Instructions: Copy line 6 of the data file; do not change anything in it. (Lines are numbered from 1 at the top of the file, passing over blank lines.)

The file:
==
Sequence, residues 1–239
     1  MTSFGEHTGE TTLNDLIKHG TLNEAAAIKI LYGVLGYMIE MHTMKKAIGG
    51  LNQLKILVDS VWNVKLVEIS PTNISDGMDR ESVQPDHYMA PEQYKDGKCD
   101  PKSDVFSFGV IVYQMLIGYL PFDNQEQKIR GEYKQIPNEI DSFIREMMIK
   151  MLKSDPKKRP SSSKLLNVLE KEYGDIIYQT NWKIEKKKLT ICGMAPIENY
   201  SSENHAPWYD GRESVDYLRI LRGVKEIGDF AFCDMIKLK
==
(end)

   201  SSENHAPWYD GRESVDYLRI LRGVKEIGDF AFCDMIKLK